In a two-day forum for employees that concluded this afternoon, CBS acting CEO Joe Ianniello and two other top executives answered a range of questions via a liveblog hosted on an internal network. Going for straight communication with their staff, the brass were very careful to avoid setting off any fireworks about former CEO Les Moonves, the legal situation of his now non-severance and possible new merger talks with Viacom.
Multiple CBS employees reached by Deadline saluted the initiative, but described the answers as nothing new for anyone who has been following the company’s recent press releases or official communications with Wall Street. In what may bee seen as a success in some corner office circles in the scandal rocked company, no major news was broken in the sessions, in other words, in contrast with some other town halls of late.
The virtual town hall is a common format in Silicon Valley, where giant global companies like Google and Facebook hold weekly sessions to give employees an opportunity to air concerns directly with executives. It isn’t the norm at traditional media companies, however, including at CBS during the tenure of former CEO Moonves, who was the consummate corporate showman.
Ianniello is attempting to strike a different tone from his predecessor through the sessions and re-establish a sense of stability and normalcy.
That shift comes CBS has been buffeted by damaging revelations about its culture in recent years, notably the alleged sexual misconduct by Moonves. As a permanent CEO is scouted, CBS is also now operating with a revamped management team and board of directors amidst steady rumors of reunion discussions with Viacom on the menu in the coming months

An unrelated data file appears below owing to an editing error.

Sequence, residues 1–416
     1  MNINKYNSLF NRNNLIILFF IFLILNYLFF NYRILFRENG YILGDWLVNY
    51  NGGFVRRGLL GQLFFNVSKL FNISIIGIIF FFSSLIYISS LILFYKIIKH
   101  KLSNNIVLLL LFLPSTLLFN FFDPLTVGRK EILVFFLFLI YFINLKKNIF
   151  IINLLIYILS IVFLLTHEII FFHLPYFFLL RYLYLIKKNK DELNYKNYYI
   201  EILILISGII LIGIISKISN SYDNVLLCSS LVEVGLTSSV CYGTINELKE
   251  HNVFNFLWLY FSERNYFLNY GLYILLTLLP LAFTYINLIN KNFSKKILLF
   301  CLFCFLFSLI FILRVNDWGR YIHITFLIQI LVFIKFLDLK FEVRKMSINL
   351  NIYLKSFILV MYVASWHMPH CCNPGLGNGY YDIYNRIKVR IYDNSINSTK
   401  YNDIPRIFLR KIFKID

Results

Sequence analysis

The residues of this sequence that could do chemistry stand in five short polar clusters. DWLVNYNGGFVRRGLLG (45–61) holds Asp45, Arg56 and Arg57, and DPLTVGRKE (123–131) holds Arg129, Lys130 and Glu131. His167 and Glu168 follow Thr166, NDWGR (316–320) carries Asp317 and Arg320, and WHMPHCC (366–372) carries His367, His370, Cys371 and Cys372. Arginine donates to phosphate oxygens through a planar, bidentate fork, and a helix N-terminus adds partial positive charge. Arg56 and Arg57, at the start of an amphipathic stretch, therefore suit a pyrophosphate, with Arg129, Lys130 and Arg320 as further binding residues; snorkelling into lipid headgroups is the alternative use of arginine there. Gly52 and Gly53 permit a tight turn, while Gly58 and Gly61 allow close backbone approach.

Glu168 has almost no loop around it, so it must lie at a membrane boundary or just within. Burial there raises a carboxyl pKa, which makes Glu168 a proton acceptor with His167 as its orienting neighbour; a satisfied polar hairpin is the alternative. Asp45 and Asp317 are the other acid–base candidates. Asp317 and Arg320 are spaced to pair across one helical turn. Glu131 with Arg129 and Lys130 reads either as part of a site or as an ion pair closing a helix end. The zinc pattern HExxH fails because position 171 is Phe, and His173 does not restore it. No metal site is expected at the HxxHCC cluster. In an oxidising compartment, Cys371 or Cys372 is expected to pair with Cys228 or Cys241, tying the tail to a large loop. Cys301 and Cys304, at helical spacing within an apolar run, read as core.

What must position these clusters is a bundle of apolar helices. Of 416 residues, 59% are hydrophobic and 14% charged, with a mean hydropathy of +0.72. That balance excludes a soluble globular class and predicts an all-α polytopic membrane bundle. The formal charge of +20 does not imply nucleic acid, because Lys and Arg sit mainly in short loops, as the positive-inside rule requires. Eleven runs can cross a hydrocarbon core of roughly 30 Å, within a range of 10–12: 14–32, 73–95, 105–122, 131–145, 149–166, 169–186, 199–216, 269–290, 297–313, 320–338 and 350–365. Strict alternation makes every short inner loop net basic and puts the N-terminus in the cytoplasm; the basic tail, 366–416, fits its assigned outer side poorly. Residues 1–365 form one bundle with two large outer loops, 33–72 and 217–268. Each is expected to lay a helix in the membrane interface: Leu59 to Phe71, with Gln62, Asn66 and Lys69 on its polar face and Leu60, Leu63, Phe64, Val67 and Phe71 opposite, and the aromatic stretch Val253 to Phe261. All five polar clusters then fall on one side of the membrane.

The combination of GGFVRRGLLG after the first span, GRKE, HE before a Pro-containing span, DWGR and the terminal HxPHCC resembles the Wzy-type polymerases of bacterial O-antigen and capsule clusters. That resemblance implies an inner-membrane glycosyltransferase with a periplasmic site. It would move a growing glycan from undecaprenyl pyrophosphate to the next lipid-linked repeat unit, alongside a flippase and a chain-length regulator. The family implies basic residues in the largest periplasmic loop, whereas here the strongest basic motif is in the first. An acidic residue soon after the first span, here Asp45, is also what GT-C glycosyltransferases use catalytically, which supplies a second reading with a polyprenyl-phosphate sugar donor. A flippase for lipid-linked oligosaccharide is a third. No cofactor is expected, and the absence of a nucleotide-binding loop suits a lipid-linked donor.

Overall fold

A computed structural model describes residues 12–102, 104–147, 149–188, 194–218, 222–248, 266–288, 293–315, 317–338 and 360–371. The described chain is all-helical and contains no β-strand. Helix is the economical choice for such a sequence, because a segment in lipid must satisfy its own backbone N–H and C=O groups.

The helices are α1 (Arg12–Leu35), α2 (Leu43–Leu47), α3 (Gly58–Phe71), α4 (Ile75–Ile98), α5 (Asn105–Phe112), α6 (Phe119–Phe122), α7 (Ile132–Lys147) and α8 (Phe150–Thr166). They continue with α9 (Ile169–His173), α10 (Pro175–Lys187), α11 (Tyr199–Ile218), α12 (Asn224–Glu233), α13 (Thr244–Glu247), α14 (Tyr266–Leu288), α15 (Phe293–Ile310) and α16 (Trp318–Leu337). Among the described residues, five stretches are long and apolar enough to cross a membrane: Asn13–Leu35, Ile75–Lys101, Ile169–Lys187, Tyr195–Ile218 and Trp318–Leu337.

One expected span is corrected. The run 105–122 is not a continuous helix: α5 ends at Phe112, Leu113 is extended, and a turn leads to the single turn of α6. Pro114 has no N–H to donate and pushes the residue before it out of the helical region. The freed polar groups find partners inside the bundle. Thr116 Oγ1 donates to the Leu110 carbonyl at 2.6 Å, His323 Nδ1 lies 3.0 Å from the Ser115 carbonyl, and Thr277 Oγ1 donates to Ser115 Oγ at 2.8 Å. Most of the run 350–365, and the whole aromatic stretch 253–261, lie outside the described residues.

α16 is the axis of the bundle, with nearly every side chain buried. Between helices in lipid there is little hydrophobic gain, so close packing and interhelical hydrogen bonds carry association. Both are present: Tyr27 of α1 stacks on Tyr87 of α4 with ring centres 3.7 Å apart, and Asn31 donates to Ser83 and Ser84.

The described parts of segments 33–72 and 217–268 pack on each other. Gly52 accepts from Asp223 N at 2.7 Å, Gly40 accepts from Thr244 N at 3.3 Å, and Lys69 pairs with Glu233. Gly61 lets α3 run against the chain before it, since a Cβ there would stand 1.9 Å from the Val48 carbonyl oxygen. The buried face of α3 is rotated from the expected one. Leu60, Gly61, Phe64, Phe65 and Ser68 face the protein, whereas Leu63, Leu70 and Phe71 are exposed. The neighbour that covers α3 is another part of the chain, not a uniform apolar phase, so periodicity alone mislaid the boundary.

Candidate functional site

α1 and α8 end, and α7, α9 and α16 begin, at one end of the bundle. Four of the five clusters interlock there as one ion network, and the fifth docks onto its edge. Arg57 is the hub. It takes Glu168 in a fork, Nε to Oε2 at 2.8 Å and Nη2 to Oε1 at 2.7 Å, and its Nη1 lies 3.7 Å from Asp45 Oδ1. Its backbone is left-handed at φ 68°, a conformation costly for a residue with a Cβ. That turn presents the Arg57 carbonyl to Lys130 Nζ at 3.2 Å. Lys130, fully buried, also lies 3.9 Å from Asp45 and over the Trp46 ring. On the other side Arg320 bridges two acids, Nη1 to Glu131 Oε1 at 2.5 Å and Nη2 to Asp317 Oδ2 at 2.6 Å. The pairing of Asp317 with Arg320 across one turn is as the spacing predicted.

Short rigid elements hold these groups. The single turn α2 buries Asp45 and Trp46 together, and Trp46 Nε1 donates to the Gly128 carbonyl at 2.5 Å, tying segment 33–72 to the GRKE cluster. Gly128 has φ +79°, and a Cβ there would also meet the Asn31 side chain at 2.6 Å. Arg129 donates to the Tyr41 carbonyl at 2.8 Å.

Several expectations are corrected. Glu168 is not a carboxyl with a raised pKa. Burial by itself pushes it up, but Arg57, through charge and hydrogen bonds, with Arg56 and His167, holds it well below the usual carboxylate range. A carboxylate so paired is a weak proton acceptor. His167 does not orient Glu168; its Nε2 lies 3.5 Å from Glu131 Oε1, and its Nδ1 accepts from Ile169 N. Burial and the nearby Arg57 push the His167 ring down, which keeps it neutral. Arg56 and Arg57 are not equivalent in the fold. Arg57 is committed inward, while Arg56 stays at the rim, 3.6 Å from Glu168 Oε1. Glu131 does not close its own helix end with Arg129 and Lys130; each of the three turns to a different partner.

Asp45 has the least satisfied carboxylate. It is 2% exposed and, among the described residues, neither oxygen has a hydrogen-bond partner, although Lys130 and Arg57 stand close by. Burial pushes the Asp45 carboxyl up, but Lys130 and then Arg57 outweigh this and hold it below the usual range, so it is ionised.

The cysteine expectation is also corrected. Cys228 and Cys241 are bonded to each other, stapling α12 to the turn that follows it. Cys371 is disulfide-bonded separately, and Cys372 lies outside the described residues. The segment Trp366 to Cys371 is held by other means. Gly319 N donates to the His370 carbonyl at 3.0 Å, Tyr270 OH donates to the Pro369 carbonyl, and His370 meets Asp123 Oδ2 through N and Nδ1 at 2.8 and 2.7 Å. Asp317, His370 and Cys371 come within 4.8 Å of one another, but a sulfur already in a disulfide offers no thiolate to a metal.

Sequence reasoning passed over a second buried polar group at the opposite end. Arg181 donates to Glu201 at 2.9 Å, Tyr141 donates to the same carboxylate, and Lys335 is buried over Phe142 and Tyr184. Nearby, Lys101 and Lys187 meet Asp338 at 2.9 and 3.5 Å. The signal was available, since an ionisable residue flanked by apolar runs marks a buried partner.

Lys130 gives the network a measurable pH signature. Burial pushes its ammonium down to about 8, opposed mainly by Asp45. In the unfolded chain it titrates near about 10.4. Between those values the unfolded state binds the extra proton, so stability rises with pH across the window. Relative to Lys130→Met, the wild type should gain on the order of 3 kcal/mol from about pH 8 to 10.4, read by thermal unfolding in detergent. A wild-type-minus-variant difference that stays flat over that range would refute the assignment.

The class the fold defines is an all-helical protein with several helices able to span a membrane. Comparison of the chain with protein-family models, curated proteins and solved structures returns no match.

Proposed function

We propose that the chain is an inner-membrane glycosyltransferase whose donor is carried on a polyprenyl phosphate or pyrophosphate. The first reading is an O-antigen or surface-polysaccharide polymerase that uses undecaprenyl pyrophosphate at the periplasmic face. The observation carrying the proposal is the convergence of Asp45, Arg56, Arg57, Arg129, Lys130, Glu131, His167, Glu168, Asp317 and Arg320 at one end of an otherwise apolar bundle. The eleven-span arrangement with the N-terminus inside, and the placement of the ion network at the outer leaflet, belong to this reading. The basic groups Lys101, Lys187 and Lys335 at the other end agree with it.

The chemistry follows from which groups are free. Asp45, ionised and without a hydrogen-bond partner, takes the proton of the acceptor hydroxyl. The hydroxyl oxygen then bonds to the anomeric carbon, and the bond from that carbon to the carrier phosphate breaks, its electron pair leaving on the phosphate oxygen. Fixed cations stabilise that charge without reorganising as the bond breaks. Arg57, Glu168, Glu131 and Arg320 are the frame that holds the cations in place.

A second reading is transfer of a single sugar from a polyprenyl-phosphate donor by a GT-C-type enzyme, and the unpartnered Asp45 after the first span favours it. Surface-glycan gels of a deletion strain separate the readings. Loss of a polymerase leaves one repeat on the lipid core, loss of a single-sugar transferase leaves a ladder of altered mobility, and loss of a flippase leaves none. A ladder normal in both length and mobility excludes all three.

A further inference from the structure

, Chief People Officer Laurie Rosenfield and Chief Communications Officer Dana McClintock also responded to questions in the liveblog. Submitted questions could be viewed on the blog, though not all questions were answered, sources told Deadline.
“The company has never done anything like that, so that’s a positive,” said one executive, who requested anonymity because he was not authorized to speak. “I’m not sure it’s the most effective thing I’ve ever seen, but it’s a nice gesture.”
Added another exec, “People are participating, but no one is the least bit surprised by any of the answers.”
Employees did venture into sensitive territory. One asked what CBS plans to do with the $120 million the company will no longer pay Moonves in severance after an internal investigation found him guilty of “willful and material malfeasance.” Ianniello noted that legal due process would need to take its course if Moonves is planning to challenge the board decision that he did not deserve the severance payment. As to where the $120 million would go, Ianniello said it would be reinvested in the company, according to those who viewed his response.
One executive told Deadline that a good number of the employee questions pertained to fairly quotidian workplace matters like benefits and work hours. “It’s not anonymous, so people aren’t going to ask incendiary questions,” noted another CBS executive.